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‘The Witches’ – A review and study plan

The battle between good and evil’ flows through the film. This study plan is primarily created to be used with children and young people.

THE ADDITIONAL NEEDS BLOGFATHER AUTOR 242/Mark_Arnold 10 DE NOVIEMBRE DE 2020 10:00 h
‘The Witches’ poster. / [link] ‘The Witches’ official site[/link], CC0.

Use this review and study plan alongside the film ‘The Witches’ to understand better the themes of pain, loss and loneliness of becoming an orphan, hard lessons about fairness, and the finding of a friend.



The battle between good and evil flows through the film, with blurred edges as ‘good’ and ‘alternative’ collide. Other themes that have been picked up from the book and the film include suggestions of societies view of women, misogyny and sexism, as well as the films portrayal of the physical differences of the witches and the impact of this on disabled people.



This study plan is primarily created to be used with children and young people, e.g. in a youth group setting, but could also easily be used at home.



According to the British Board of Film Classification, (BBFC) certification insight, “The witches is a comic supernatural fantasy, based on the Roald Dahl novel, and in which a young boy encounters a coven of witches”.



“There is infrequent mild bad language (‘crap’), as well as milder terms (‘hell, ‘damn’). Witches menace children and adults. People are transformed into animals, and sometimes explode in clouds of purple smoke before transforming into mice. Scenes of threat are mild and brief, and there is no injury detail”, they explained.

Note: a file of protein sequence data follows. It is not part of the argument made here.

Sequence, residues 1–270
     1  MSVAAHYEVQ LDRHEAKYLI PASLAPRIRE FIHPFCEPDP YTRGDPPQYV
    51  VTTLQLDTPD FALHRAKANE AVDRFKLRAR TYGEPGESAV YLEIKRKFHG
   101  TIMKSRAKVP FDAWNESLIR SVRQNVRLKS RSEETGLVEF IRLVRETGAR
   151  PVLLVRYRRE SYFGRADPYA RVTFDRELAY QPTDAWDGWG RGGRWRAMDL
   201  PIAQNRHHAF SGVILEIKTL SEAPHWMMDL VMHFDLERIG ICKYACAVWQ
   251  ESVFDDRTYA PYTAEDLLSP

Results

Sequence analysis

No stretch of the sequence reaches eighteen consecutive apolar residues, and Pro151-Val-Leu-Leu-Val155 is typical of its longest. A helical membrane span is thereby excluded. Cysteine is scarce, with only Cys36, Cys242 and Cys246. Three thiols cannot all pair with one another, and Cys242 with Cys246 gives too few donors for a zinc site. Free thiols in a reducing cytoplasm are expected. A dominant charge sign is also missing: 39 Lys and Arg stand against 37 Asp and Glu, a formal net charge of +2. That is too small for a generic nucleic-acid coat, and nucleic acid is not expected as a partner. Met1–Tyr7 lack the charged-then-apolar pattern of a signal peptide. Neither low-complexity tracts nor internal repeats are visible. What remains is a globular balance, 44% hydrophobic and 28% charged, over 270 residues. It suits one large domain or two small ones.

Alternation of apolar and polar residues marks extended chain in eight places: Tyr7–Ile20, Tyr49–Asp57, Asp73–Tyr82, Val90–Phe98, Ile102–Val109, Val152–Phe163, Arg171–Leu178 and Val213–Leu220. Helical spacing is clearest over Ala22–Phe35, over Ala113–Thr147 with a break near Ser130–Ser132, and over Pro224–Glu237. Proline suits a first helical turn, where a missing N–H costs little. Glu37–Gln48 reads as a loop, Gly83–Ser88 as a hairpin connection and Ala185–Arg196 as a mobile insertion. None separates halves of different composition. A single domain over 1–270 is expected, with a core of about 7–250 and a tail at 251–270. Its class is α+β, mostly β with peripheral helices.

The depiction of characters in the film have caused controversy, causing Warner Bros. to issue a statement of apology.



The studio was “deeply saddened to learn that our depiction of the fictional characters in ‘The Witches’ could upset people with disabilities. In adapting the original story, we worked with designers and artists to come up with a new interpretation of the cat-like claws that are described in the book”, the statement reads.



“It was never the intention for viewers to feel that the fantastical, non-human creatures were meant to represent them. This film is about the power of kindness and friendship. It is our hope that families and children can enjoy the film and embrace this empowering, love-filled theme”, Warner Bros adds.



 



Part 1: What you felt about the film



Sometimes young people find it hard to contribute to a group discussion. They may feel shy or that their contribution might appear silly. The first part of the session is therefore a chance for young people to think about the film and begin to develop an initial reaction to what they have seen in a way that everyone will have something to contribute.



These are some simple, quick exercises to get everyone thinking about their reaction to the film.



Good versus evil